Inside Fujairah's carbon capture project that converts CO2 to minerals within rocks

Project is being carried out by Adnoc with British-Omani sustainability company 44.01

Fujairah may hold the answer to world’s carbon crisis

Fujairah may hold the answer to world’s carbon crisis
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Adnoc is undertaking a pilot project with a British-Omani sustainability company 44.01 to permanently convert carbon dioxide from the air into a mineral within rock formations in Fujairah.

The project is being carried out in partnership with the Fujairah Natural Resources Corporation and Masdar.

It uses 44.01’s carbon capture and mineralisation technology to eliminate carbon dioxide from the atmosphere.

Carbon capture, utilisation, and storage (CCUS) involves the trapping of carbon dioxide emissions from industrial activities such as steel and cement production, as well as from fossil fuel combustion in power generation.

The global CCUS market, which was valued at $1.9 billion in 2020, is projected to reach $7 billion by 2030, growing nearly 13.8 per cent per annum, according to Allied Market Research.

Earlier this year, Adnoc said it would invest $15 billion in a range of decarbonisation projects by 2030, including clean power, carbon capture and storage, further electrification of operations, energy efficiency and new measures to build on its policy of zero-routine gas flaring.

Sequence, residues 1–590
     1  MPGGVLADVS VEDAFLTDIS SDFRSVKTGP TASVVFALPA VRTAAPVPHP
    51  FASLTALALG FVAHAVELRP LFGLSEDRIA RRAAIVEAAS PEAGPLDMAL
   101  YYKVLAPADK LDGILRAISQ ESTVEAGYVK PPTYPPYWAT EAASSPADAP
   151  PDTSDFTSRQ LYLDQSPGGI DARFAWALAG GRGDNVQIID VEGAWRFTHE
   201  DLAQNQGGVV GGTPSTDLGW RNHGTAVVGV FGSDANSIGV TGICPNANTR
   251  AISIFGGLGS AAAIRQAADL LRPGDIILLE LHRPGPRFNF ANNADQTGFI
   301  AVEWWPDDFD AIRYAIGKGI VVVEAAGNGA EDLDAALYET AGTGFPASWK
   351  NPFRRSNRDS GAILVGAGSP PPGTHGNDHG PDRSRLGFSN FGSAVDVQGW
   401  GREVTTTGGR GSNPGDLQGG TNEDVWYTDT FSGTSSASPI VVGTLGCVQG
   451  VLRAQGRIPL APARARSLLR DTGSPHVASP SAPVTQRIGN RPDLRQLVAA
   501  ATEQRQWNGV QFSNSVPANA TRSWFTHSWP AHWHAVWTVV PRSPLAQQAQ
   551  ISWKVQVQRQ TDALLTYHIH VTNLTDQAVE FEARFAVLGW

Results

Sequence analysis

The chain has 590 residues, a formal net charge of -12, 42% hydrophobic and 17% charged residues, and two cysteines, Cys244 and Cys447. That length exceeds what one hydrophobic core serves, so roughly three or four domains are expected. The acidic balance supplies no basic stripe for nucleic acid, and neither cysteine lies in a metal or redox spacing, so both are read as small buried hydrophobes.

Last December, the state energy company set up a new low-carbon solutions and international growth unit that will focus on renewable energy, clean hydrogen and carbon capture and storage, as well as an international expansion into gas, liquefied natural gas and chemicals.

The UAE, the Arab world's second-largest economy, plans to invest up to Dh200 billion ($54 billion) by the end of the decade to ensure energy demand is met while sustaining economic growth.

Last week, Abu Dhabi inaugurated the two-gigawatt Al Dhafra solar power plant, one of the world's largest solar projects.

It will power 200,000 homes and is expected to reduce Abu Dhabi's carbon dioxide emissions by more than 2.4 million tonnes a year, equivalent to removing about 470,000 cars from the road.

Updated: November 22, 2023, 4:06 AM